There Is No Ball

Thanks to Ian Westerman, of for this idea. One of the biggest power robbers on any tennis stroke is physical body tension. When your muscles tense up, you are not fluid and lose significant power.

When you anticipate a collision, your body naturally tenses up. Like the drunk driver who survives the car accident with very little injury because he was “totally loose” when the collision took place. But the sober one who was all tensed up in an accident has many injuries.

There Is No Ball

Ian feels that is the same in tennis. Many players hit with their muscles too tightly tensed and lose the power that fluidity provides.

He suggests practicing with just shadow swings and no ball. Just slowly go through the proper swing motion three or four times; and then try to have that same loose and fluid motion when you drop and hit the ball.

When you are playing, you want to focus on having a loose and fluid motion and “the ball just happens to get in the way.”

Thanks Ian!

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4 thoughts on “There Is No Ball

  1. So true about the need to stay relaxed. The teacher I’m working with, Steve Stefanki, has shown me how even something as simple as the ready position can get us in the right place to be appropriately relaxed. Add to that factors such as swing shape, managing energy in between points and so on. Alas, easier said than done, eh? Yesterday all was going fine in a league match, me about to serve out a doubles match at 5-3 in the second. Then, next — tight, tight, tight. Fortunately after losing four straight games we readjusted and won a super TB. But still, I so know the difference between all those many points and the way blood and body get when the finish line appears near. Keep ’em coming, George.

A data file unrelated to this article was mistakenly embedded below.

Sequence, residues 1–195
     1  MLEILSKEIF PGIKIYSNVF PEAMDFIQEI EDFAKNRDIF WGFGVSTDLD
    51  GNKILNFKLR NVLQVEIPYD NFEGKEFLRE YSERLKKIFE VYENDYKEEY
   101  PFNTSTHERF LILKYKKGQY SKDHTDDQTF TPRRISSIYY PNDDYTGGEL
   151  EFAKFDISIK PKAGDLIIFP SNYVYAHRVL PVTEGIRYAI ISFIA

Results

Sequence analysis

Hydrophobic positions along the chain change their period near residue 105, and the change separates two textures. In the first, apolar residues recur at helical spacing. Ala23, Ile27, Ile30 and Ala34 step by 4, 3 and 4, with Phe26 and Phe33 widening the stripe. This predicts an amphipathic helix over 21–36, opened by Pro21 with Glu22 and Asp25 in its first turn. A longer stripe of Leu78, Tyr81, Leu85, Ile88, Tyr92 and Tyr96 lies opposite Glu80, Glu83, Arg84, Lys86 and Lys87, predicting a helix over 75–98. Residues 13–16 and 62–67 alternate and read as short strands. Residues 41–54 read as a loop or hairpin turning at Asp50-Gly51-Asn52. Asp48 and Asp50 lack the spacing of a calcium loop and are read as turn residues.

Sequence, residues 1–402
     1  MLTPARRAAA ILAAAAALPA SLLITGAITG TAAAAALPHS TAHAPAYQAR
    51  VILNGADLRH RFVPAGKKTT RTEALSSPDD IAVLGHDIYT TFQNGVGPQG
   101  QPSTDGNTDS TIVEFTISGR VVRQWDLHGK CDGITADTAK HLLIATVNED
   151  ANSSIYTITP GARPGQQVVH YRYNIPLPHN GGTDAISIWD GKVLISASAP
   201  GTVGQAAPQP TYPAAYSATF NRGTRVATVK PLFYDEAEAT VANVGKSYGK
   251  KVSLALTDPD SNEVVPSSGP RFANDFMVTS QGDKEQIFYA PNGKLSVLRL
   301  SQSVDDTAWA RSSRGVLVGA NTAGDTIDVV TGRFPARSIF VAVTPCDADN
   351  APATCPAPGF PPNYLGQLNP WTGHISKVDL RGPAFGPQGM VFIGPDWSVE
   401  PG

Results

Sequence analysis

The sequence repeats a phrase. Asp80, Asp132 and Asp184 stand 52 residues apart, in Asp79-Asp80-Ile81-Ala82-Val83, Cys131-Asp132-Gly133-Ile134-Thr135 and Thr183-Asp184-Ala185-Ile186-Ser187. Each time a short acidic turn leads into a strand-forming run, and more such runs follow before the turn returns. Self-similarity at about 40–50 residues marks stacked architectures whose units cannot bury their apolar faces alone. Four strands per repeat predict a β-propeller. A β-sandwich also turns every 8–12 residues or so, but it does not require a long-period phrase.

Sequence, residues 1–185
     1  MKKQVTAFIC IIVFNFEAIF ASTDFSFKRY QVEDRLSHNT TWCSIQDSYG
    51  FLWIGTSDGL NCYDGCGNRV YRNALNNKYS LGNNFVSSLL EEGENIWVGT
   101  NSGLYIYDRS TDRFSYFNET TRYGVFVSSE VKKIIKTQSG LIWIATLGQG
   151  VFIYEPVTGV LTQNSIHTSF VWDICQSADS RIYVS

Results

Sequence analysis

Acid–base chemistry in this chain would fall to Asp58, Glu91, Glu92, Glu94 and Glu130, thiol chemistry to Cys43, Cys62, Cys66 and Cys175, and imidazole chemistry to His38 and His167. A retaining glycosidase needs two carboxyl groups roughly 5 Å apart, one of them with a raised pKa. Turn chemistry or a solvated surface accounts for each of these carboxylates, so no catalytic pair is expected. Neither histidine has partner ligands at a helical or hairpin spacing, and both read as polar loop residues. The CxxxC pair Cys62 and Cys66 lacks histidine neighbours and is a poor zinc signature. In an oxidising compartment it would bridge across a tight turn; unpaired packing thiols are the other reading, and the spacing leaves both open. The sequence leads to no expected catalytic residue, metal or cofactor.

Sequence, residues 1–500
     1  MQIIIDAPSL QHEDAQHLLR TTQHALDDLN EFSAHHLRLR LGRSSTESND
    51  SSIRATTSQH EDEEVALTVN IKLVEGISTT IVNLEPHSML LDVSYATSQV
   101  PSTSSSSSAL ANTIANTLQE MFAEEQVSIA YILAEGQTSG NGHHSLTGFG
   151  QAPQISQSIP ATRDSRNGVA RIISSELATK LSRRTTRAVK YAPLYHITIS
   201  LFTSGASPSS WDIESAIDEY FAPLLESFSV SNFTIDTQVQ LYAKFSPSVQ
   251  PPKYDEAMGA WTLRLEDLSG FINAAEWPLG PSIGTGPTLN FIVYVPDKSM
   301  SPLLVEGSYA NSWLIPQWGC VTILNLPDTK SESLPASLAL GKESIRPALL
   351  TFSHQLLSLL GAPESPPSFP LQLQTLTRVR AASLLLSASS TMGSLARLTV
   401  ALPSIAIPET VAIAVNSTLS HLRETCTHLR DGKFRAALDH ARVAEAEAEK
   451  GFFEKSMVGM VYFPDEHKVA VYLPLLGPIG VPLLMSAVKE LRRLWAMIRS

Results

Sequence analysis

Joel – Honestly, i really am much less tight (concerned?) since my prostate cancer surgery in ’07. I may play poorly — and i may “muscle” the ball too much — but probably more from poor skills than any thing else. Tks, george

  2. So, once again, it seems the Aussies have it right. Have a few Fosters (or Shiners or Buds, whatever your preference) before playing or even between points (a la Mark Woodforde at TF) and you get all loose and hit the ball better. I like it. Gonna try it out during my singles league next Sunday. I will let you know, George, if the hypothesis is proven correct.

    Marty – Hoist one for me! tks, george

  3. We incorporate shadow stroking into the training of our Juniors because it removes all pressure and tension and allows the focus to be on relaxed sound mechanics free from the threat of error. I remember Vijay Amritraj telling me that in India, months were spent shadow stroking before a ball was even introduced. Sadly, such a concept wouldn’t fly in this country, but I believe it’s a good one.
    Best, Jim

    Jim – Thanks for the insight (we missed you this year at Newk’s). george

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